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Christians in N. Korea tell of struggle to practice faith

February 2, 2019
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In this Dec. 21, 2018 photo, North Korean defector Lee HanByeol, 35, speaks during an interview in Uijeongbu, South Korea. Experts and defectors say most of North Korea’s underground Christians do not engage in the extremely dangerous work of proselytizing. Instead, they largely keep their beliefs to themselves or within their immediate families. (AP Photo/Lee Jin-man)

SEOUL, South Korea (AP) — Christianity is virtually outlawed in North Korea, where dictator Kim Jong Un is the subject of a personality cult that treats him like a god. The possession of Bibles, open religious services and any attempt to build underground church networks could mean torture, lengthy prison terms or execution.

The following is what North Korean defectors, a Christian activist and a South Korean Catholic bishop with previous links to the North told The Associated Press about the ways North Koreans maintain their beliefs:

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LEE HANBYEOL

Lee, 35, is a North Korean refugee in Seoul whose Christian father prayed whenever his wife slipped into China to borrow money from relatives in the mid-1990s.

“I saw him praying many times. ... My mom risked her life to go to China illegally to feed our family. So when my mom left, he kept praying, sitting cross-legged and trembling in the corner of our room,” Lee said.

Lee said she didn’t know about Christianity at the time. Her father kept his faith to himself until his death in 1997 in an apparent effort to protect his family. Lee believes her father was part of a Christian population that flourished in North Korea before the 1950-53 Korean War.

“I often think about how great it would have been if my father and I could have prayed together while holding each other’s hands,” said Lee, now a devout Christian.

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J.M.

A former resident of North Korea’s North Hamgyong province, J.M. encountered Christianity after he fled to China in 1998. He was arrested by Chinese police and sent back home in 2001. After serving several months in prison, he said he tried to spread his faith to his parents.

“My father found it difficult to embrace (Christianity) but my mother quickly accepted it,” said J.M. Although he agreed to speak with the AP to highlight the plight of Christians in North Korea, he asked to be identified only by his initials because of worries about the safety of his relatives in the North. “My mother told me she would pray for me.”

In 2002, J.M. escaped to South Korea so he could worship freely. He later found that both his parents had died.

Now a Seoul-based pastor, J.M. is trying to promote Christianity in North Korea. He has visited China and baptized about six North Koreans who made temporary visits to Chinese border towns.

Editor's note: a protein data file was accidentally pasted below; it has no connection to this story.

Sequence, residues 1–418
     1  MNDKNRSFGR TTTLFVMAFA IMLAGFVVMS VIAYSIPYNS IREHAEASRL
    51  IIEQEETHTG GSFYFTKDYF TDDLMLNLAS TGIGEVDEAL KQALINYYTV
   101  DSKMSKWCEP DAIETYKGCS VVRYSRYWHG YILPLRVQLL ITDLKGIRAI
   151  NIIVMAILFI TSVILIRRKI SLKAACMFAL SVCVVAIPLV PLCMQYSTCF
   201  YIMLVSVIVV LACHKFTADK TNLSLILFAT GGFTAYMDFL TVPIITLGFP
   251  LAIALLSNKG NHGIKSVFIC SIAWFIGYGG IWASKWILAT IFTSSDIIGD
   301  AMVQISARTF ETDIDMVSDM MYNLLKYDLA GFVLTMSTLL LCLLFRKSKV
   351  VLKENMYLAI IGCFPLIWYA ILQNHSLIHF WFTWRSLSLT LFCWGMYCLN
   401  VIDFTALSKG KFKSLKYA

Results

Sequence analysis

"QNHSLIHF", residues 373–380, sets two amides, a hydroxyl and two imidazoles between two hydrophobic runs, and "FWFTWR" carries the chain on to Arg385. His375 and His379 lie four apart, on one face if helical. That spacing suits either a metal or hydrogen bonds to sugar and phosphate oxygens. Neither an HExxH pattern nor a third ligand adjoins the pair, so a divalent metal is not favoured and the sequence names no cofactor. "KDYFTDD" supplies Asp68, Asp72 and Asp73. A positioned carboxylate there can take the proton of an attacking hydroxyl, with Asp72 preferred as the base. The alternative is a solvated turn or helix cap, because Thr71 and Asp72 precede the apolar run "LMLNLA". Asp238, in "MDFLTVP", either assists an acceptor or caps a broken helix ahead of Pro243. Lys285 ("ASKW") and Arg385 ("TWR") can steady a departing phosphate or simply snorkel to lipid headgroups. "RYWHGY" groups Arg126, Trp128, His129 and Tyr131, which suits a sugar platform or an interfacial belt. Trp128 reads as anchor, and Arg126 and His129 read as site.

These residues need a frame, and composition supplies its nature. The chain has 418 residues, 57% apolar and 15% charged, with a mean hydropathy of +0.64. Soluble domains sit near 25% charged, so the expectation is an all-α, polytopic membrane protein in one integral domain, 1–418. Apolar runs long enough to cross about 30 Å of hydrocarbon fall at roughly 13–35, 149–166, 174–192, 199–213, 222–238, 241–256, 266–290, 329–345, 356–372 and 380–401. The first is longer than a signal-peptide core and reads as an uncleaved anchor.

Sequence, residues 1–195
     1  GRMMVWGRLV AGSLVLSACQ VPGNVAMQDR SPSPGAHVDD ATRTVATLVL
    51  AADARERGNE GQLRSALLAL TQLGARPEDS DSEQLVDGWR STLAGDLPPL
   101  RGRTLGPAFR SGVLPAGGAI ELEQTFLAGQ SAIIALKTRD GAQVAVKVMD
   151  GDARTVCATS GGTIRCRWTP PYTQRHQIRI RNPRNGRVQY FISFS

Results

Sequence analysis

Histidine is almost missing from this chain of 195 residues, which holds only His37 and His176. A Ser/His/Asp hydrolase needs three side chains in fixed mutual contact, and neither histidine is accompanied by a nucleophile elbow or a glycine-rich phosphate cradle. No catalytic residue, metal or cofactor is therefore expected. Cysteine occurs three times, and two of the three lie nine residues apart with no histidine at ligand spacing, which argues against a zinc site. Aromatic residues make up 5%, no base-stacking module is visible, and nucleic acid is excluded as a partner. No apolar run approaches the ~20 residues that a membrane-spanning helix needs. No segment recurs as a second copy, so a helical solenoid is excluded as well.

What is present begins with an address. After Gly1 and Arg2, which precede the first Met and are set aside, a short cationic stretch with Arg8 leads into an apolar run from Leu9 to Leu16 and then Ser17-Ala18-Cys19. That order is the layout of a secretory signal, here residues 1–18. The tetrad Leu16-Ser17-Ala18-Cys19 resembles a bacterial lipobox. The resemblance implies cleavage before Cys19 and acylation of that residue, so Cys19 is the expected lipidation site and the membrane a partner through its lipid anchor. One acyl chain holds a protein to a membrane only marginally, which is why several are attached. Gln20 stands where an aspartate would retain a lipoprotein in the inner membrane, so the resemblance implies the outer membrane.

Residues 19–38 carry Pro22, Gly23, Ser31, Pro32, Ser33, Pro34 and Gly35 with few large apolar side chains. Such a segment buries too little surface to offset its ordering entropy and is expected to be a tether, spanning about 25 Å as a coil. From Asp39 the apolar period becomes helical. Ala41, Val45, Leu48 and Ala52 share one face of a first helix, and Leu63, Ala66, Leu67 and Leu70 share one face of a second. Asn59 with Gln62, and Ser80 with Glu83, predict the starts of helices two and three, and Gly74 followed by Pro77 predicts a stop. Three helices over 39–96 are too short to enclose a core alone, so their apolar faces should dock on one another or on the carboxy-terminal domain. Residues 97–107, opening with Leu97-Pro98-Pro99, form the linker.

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PETER JUNG

Jung is Lee’s South Korean husband and a pastor who specializes in spreading Christianity in North Korea. He said his group provides shelters, food and money to North Koreans visiting Chinese border towns before teaching them Christianity.

When they return home, Jung said his group asks some of the reliable North Korean visitors to memorize Bible verses or carry Bibles with them. Some regularly come back and receive fresh financial support and Christian learning. Their mission in North Korea includes creating a “religious atmosphere” by getting people there to exchange text messages containing Christian-themed words like “peace,” Jung said.

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JOHN CHANG

Chang is a Roman Catholic bishop who visited North Korea in 1987 and met five North Koreans introduced to him by the government as Catholics. After talking with the North Koreans, all of whom had baptized Catholic names, Chang said he was convinced they were genuine Catholics.

“I asked them where they were baptized and by whom. They were all familiar with Catholic terms that they couldn’t have used all of sudden just by quickly learning them,” he said. “Their stories weren’t cooked up.”

The next year, two North Korean Catholics went to Vatican City and met then Pope John Paul II.

Conservative Christian activists in Seoul said those North Koreans were likely fake believers or those who renounced their faith a long time ago to survive harsh religious crackdowns. In the late 1980s, North Korea was seeking to improve ties with the Vatican as a way to ease its international isolation, experts say.

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Follow Hyung-jin Kim at www.twitter.com/hyungjin1972

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